Should administration happen the scenario was that Leeds would lose ten points, in accordance with the new Football League Rules, and the club would be immediately plunged into a relegation battle. The administrators would assume control of the club, the first step being a creditors' meeting to discuss the proposals under which the club have been placed in administration. The ultimate aim of the administrators would be to sell the club as a going concern, providing the majority of the creditors approve the proposals.

The administratorwould be responsible for the day-to-day running of the club, coupled with the search for investment to safeguard the longer term future of the business. Administration would continue for as long as the courts believed it was necessary. Kilgallon moved across to replace Carlisle in central defence with Richardson coming in at left back while Pugh replaced young Walton in midfield for United's visit to the Boleyn Grounds at Upton Park, home of West Ham United.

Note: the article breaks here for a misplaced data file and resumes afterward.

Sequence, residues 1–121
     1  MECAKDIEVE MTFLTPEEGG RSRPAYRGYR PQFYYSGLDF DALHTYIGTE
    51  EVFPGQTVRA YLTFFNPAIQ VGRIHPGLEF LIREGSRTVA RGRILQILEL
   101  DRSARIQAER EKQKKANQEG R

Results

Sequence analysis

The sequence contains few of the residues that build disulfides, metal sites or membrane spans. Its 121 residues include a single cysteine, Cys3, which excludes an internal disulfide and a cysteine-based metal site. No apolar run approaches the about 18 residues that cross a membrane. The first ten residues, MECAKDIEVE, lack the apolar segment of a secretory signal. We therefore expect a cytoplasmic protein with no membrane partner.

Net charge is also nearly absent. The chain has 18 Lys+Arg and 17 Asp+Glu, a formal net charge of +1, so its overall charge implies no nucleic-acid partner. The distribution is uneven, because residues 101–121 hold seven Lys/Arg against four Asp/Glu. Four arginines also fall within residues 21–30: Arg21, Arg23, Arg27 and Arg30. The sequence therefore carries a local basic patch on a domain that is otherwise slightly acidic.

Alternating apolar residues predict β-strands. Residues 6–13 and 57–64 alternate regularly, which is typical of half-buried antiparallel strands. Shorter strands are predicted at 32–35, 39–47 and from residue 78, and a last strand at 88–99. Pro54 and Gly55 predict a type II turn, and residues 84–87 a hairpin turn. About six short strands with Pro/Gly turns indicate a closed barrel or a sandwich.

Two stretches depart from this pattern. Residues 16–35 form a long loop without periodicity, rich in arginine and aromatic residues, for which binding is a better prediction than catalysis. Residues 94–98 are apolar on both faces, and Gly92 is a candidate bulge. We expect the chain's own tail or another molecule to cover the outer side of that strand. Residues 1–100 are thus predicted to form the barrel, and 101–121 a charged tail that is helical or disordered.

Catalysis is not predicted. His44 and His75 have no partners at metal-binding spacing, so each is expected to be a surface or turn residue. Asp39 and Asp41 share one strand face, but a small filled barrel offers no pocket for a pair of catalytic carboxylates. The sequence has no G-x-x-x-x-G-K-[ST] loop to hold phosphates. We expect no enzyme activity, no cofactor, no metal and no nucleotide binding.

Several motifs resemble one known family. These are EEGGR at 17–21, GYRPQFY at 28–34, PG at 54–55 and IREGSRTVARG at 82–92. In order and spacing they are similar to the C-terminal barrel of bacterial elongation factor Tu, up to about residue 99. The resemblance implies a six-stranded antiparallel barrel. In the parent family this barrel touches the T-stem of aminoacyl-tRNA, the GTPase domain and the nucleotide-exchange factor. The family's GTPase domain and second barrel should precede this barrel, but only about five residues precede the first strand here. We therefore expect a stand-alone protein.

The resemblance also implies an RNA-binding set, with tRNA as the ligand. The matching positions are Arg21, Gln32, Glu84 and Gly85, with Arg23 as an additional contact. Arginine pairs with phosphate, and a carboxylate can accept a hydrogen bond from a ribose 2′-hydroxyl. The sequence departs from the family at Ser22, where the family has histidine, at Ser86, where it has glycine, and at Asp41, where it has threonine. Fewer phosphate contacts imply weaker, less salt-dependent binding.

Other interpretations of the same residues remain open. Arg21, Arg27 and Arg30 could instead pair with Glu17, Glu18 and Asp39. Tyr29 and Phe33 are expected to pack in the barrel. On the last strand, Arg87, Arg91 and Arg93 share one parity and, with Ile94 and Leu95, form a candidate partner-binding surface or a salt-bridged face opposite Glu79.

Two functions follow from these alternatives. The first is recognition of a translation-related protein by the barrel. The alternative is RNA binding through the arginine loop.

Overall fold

There was a late, late penalty from David Healy to secure United a point with almost the last kick of the game. It was only justice as United had previously seen two blatant penalties waved away. Equally West Ham could have felt aggrieved once and for once luck shone on United. The goal was just reward for United who had been more than a match for a team who occupy the upper echelon of the league and were being strongly tipped for promotion.

It was vital that after winning only two from ten and losing two on the trot that United restored their fortunes before the Christmas games.

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United stuck to the system that had won against Queens Park Rangers and Preston North End and served them well against Ipswich, Watford and Rotherham and here again they looked strong and took the initiative. Danny Pugh had a cross deflected to safety and Healy saw a shot parried by the keeper before being thwarted again by the keeper as he tried a chip. Brian Deane also had a good opportunity when he took advantage of a poor back-pass but his curling chip shot hit the top of the bar before bouncing to safety.